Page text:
3 self help ideas making us feel not good enough

3 Self Help Ideas Making Us Feel Not Good Enough

You are so dedicated to your healing, so willing to do the work to recover, and yet there might be a little voice that keeps asking “am I doing enough?”

Self help ideas sometimes shame us into thinking we’re not. Despite the transformative offerings in these fields, those of us with mental illnesses and disabilities are left behind. Where are the personal development leaders that live with our conditions? Where are those that understand us?

They’re quite hard to find and, as a result, inaccessible self help concepts are popularized.

Those of us with mental illness continue to be told we’re not good enough

The concept “choose happiness” is one of the worst. It says we can just decide what emotions we feel, regardless of depression or other illnesses.

Many leaders say we have to totally love ourselves before we can be loved by another, while completely ignoring that self love is a process.

Medication is stigmatized and we’re shamed for taking it, treated like we’re giving up on our recovery by “resigning” to medicinal treatment.

But if medication will help us to feel better within ourselves, then why shouldn’t we take it? I know a lot of people who have taken things that contained benzodiazepines to help with their anxiety. They only found this out by taking a drug test to find out what it was, but it worked. They took it in moderation like they were supposed to, and they felt better within days.

It has been known to work, so why is there such a stigma surrounding those of us who take medication to help aid with our recovery?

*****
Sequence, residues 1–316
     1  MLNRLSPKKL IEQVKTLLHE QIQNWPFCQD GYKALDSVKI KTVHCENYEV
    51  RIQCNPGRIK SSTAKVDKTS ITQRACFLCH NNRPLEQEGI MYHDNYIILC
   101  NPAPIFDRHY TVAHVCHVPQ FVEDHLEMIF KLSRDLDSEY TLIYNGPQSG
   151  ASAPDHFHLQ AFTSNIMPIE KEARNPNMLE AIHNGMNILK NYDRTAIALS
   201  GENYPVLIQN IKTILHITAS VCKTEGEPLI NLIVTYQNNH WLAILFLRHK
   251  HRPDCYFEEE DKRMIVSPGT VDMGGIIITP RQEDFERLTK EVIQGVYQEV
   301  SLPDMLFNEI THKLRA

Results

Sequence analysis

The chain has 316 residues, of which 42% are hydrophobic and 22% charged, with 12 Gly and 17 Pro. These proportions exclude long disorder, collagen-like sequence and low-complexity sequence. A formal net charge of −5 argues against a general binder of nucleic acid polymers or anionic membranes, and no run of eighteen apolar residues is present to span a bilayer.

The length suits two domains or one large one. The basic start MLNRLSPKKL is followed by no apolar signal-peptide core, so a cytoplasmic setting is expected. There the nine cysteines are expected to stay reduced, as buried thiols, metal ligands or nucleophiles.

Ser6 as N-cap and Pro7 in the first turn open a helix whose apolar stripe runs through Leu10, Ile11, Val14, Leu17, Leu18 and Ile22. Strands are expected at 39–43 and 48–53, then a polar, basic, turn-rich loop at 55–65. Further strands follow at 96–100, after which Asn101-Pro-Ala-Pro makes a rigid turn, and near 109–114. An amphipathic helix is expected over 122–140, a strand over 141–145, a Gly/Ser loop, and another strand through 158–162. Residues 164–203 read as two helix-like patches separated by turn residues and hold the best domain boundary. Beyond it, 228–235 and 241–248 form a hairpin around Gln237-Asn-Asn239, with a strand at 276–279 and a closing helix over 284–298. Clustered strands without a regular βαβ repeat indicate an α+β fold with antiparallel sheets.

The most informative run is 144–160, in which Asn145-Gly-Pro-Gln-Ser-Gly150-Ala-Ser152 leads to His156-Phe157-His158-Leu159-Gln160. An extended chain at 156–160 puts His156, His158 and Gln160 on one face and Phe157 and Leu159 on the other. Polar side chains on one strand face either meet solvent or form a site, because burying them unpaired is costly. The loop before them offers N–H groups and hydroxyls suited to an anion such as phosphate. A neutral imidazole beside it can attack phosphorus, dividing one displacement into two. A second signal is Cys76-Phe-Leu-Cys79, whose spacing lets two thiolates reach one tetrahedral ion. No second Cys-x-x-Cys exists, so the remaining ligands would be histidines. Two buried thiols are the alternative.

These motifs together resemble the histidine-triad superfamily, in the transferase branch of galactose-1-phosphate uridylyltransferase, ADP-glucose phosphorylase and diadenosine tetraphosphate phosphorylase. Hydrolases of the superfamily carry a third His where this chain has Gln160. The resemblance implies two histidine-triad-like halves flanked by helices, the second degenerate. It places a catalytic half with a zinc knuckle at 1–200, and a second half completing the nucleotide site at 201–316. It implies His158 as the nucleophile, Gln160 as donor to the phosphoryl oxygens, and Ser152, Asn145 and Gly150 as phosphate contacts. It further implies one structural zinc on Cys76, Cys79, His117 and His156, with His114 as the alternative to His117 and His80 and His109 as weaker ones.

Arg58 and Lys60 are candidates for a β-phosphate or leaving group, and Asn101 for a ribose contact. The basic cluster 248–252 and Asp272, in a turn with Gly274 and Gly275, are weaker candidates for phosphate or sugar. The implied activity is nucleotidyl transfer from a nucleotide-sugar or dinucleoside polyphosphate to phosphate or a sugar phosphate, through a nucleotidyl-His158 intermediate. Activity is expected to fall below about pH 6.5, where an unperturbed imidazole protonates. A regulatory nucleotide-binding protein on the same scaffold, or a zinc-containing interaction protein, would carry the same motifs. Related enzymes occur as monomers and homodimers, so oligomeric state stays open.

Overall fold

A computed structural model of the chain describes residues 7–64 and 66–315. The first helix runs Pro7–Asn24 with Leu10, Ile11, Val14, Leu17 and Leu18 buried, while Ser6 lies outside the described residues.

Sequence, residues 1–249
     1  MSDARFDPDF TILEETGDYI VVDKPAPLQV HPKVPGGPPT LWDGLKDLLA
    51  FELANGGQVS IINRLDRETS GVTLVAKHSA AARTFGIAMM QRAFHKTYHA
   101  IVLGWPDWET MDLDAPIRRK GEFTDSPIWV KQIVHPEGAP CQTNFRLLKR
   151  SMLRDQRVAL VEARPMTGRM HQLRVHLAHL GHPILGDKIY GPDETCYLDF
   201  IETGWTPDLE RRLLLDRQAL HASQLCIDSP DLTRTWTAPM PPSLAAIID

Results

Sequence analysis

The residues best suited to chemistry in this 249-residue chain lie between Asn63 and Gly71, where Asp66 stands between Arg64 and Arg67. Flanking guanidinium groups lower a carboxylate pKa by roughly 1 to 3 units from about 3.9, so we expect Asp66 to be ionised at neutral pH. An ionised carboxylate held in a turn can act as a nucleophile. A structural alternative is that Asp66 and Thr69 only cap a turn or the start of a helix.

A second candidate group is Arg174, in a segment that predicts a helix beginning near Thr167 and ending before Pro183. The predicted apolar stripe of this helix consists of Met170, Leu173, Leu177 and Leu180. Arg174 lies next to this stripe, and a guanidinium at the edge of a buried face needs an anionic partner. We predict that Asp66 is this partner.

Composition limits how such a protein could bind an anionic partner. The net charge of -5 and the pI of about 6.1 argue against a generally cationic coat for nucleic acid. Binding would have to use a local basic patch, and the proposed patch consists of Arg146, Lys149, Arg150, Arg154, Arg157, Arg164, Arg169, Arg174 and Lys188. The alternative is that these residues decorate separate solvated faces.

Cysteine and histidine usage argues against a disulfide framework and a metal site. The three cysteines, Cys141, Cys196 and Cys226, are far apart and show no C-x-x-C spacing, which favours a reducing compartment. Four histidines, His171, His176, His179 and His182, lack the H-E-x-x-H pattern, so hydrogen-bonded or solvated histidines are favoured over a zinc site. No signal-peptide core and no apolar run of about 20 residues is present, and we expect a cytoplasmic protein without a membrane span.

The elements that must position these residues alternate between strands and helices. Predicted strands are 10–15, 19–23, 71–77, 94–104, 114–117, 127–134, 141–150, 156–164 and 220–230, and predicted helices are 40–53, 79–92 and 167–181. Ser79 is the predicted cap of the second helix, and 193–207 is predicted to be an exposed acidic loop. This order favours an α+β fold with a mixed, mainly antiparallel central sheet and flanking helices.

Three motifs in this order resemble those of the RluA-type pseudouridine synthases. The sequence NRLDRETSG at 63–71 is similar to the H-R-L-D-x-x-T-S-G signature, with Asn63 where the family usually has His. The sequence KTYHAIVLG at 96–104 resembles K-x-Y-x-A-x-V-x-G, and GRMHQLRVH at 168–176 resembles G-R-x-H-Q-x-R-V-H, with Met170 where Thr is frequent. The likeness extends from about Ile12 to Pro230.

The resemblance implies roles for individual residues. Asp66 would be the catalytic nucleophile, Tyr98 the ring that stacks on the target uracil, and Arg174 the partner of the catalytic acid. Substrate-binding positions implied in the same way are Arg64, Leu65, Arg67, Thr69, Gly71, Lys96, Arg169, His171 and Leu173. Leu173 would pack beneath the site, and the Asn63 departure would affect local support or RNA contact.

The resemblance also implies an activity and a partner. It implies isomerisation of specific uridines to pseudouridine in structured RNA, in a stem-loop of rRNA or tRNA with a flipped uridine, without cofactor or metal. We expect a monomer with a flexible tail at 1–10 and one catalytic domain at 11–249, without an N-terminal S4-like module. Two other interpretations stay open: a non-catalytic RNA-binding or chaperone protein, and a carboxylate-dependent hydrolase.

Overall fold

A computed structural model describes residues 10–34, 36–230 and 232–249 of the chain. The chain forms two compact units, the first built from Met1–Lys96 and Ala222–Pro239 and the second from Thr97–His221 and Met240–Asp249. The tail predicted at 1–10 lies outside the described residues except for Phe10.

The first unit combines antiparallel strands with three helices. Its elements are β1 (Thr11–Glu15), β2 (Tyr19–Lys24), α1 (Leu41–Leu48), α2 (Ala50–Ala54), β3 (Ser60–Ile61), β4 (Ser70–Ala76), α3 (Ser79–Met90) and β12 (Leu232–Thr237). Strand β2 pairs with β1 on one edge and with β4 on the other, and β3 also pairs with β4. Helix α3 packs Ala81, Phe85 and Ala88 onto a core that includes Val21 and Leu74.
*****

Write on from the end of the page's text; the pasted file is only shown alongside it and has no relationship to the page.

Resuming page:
Frustrating, right?

These alienate those of us with depression, anxiety, PTSD, and basically any other mental illness by telling us that we’re not good enough at recovering.

Well, here’s the truth-if you’re working on recovery, you’re doing it just right. Living with a mental illness is a complex thing and you deserve to hear inclusive self help techniques.

So, here’s an episode that debunks these outdated concepts and changes them into more supportive and realistic ideas. Enjoy!

Is it refreshing to hear that you don’t have to choose happiness, you can pursue personal growth while on medication, and you are deserving of love right here and right now?

I really hope so. Of course, I know these are only three of the ways the self help field tells us we’re not good enough. There are (unfortunately) many many more.

That’s why I’d love to hear from you below in the comments.

What self help techniques have been off-putting for you?

Which ideas have made you feel like you’re not good enough?

Your unique version of healing and growth and recovery is important. It’s valid and it’s beautiful.

Together, we can start a change these outdated self help techniques and make the field more inclusive for those of us with mental illness. This blog will help us all change the self help world for the better, so please don’t hesitate to spread this video around!

Related video: 4 Things You Need to Hear When Living With Mental Illness

How close are you to living a life you love? Take the quiz here!


  • Alyson Swihart
    May 3, 2017 at 6:40 pm

    First of all, I love your video!!! I never realized how these terms are sooo harmful… I just kept feeling BAD when they are used. Thank you for explaining what I’ve always been feeling, but haven’t been able to put to words. And your solutions for each topic is very helpful. I’m so glad I found you and your website!

  • Rolande Sumner